OLED Shield


OLED Shield

The OLED Shield is a D1 Mini form factor shield that hosts a tiny 17mm 64x48 monochrome OLED display.


What is an OLED? It stand for Organic Light-Emitting Diode. It describes the technology used to turn on or off pixels - dots - on the display. The term is largely unimportant, just think of it like a tiny little TV where you can control every pixel.

Although small, this shield packs a punch! You can draw pixels, render lines and display text.

The integrated circuit that makes the magic happen is an SSD1306. It sits between the microcontroller and the raw display and allows us to send commands to make stuff appear. The SSD1306 is a common chip and so a driver for it is built-in to MicroPython.

Let’s see how it works!

Plug me in


While it is possible to plug shields in to the device while it is powered (plugged in to your computer), it is not recommended! As such, please remember to unplug the USB from your board prior to connecting or disconnecting any shields, or else you risk damaging the shield or the board.

As with all the other shields, the first thing to do is plug the OLED shield into the microcontroller. Take care with orientation:


OLED Shield, plugged in correctly

Techy details, I squared C?

The SSD1306 is controlled by sending I2C data at it. What’s I2C? It’s a communications protocol, but it’s not critical to know more than that to use the OLED Shield. If you would like to know more, take a look at I2C.


The SSD1306 driver provides a handful of functions to display pixels on the OLED. First though, the display needs to be initialised. Let’s work through an example:

from machine import Pin, I2C
import d1_mini
import ssd1306

i2c = I2C(-1, scl=Pin(d1_mini.SCL), sda=Pin(d1_mini.SDA))

width, height = 64, 48
oled = ssd1306.SSD1306_I2C(width, height, i2c)

Here we initialise oled so it’s using microcontroller pins that are configured to use I2C. We also take care to set the width and height of our display - the SSD1306 can work with a number of differently sized displays but it’s critical to configure it appropriately.

It’s worth noting that the display’s ‘origin’ - where x and y are both zero - is in the top left.:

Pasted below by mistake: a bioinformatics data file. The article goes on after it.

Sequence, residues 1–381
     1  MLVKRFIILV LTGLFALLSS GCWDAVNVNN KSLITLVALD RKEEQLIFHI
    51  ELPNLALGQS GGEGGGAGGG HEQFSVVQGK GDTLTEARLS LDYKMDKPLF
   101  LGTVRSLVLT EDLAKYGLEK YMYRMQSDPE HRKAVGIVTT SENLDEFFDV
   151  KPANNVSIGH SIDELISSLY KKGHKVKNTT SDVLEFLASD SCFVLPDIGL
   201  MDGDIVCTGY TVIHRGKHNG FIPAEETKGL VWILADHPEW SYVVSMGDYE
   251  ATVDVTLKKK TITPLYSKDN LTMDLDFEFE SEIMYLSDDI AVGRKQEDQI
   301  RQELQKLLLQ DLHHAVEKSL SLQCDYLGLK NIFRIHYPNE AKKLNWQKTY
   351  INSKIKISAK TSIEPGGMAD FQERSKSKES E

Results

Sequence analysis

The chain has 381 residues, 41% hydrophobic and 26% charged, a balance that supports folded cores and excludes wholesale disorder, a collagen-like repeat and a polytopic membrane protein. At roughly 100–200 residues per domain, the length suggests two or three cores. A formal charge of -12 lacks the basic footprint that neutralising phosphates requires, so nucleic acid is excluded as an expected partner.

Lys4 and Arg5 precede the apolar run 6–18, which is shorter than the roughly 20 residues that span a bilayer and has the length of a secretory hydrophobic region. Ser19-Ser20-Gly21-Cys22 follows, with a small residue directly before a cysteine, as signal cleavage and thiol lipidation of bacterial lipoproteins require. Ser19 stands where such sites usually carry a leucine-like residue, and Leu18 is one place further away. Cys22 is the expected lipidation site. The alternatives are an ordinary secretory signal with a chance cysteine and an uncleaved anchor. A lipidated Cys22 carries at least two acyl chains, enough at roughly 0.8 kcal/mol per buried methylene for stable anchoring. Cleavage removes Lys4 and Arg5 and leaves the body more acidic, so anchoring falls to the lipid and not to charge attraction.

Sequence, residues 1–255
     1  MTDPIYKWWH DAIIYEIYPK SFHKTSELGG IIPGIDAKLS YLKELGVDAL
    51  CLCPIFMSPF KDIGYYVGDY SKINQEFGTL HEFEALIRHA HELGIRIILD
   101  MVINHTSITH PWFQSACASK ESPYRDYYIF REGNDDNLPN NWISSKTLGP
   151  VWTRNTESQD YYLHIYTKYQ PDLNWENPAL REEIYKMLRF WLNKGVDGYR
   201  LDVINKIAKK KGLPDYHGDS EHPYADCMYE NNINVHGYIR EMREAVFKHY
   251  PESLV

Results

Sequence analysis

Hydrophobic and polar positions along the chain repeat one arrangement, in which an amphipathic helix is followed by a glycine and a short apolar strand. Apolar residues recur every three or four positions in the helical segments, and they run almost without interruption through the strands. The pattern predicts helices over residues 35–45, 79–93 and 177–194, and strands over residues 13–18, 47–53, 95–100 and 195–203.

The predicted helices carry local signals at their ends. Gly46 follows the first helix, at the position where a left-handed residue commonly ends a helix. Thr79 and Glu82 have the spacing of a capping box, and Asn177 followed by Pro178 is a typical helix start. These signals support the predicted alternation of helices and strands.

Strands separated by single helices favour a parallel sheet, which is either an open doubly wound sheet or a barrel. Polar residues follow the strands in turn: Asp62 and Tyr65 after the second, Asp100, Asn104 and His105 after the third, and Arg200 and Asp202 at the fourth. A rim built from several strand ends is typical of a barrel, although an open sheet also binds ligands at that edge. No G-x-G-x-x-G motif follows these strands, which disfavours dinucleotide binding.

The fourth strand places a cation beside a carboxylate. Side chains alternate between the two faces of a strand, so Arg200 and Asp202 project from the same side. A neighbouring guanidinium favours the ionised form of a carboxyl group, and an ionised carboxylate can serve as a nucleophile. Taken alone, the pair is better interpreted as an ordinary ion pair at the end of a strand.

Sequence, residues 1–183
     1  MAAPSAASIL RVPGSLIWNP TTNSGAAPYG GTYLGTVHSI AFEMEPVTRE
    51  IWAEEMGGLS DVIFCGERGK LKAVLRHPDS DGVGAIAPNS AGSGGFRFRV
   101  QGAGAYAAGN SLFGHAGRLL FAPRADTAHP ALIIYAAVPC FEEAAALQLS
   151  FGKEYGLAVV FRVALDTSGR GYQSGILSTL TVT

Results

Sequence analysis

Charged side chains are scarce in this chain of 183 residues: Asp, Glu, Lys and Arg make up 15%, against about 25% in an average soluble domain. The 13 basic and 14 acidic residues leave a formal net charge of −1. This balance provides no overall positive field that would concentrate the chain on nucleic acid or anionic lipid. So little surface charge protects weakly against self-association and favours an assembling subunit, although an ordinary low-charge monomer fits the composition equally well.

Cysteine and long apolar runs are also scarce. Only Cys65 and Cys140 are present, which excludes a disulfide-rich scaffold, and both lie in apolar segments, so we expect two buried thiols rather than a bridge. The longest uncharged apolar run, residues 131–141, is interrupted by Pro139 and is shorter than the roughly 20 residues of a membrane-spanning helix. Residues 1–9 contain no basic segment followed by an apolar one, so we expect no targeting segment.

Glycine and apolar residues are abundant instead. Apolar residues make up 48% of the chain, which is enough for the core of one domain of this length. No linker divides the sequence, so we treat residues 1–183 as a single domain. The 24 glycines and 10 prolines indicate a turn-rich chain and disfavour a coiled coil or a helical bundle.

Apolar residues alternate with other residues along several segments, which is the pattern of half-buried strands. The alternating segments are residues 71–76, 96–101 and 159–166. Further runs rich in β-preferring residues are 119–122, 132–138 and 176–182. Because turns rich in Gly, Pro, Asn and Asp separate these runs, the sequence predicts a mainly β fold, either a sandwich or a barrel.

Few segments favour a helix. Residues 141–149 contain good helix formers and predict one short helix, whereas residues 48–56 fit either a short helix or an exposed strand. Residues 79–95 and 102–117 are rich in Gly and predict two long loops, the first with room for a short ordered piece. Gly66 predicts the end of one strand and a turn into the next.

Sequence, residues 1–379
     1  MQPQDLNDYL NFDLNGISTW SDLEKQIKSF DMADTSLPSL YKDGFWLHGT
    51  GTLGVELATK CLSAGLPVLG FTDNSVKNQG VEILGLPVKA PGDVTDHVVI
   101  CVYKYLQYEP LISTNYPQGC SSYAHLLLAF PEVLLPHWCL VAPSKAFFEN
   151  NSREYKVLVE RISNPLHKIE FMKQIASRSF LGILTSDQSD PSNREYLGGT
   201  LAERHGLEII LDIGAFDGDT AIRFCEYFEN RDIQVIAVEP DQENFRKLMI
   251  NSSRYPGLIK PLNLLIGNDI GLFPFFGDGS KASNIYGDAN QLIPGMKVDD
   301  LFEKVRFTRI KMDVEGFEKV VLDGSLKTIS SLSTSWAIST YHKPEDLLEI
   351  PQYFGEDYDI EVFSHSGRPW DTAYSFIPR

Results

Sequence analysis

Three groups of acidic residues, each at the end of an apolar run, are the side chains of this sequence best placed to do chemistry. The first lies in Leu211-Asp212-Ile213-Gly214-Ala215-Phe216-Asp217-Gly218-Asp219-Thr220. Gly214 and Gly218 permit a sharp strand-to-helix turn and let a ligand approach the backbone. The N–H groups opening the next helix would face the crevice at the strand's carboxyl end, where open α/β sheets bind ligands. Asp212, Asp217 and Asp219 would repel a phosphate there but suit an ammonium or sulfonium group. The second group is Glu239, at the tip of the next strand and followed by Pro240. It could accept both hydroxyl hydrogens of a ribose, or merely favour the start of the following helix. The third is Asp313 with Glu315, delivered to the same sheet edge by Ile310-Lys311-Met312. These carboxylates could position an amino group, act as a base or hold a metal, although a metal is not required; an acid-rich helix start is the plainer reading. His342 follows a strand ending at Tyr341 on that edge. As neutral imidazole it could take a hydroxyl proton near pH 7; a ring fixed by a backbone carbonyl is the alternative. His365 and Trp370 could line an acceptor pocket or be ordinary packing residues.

OLED Shield, annotated with row and column numbering

Now we can draw things!:

# Text is easy!
oled.text('Hello,', 0, 0, 1)
oled.text('World!', 0, 10, 1)

# Draw a triangle and it's centroid
v1, v2, v3 = (2, 24), (2, 46), (60, 46)
oled.vline(v1[0], v1[1], v2[1] - v1[1], 1)
oled.hline(v2[0], v2[1], v3[0] - v2[0], 1)
oled.line(v1[0], v1[1], v3[0], v3[1], 1)
oled.pixel((v1[0] + v2[0] + v3[0]) // 3, (v1[1] + v2[1] + v3[1]) // 3, 1)




We can draw!

The drawing commands are defined in FrameBuffer which the SSD1306 driver uses internally. text, pixel, hline, vline and line are fairly clearly named - you can probably guess what they do! - but see the FrameBuffer docs if you’d like more details.

Note that the display is monochrome so there’s only two colour values (the last parameter in the drawing methods) that make sense: 0 (black) or 1 (white).


Exercise 1: Spirals for days

Render a square-edged spiral using hline and vline:



Exercise 2: Animate the spiral

Render the same spiral using pixel but use show after each pixel is drawn so that the sprial appears to draw from the centre to the outside.

Bonus points: Make the animation loop forever by giving the spiral a maximum length so the ‘oldest’ pixel is erased when the spiral becomes too long. It should look like the old snake game!

Exercise 3: Bouncy, bouncy [Hard]

Render a pixel near the centre of the display. It’s a bouncy ball! Give it a velocity and direction and render it moving about the screen, bouncing off the edges of the screen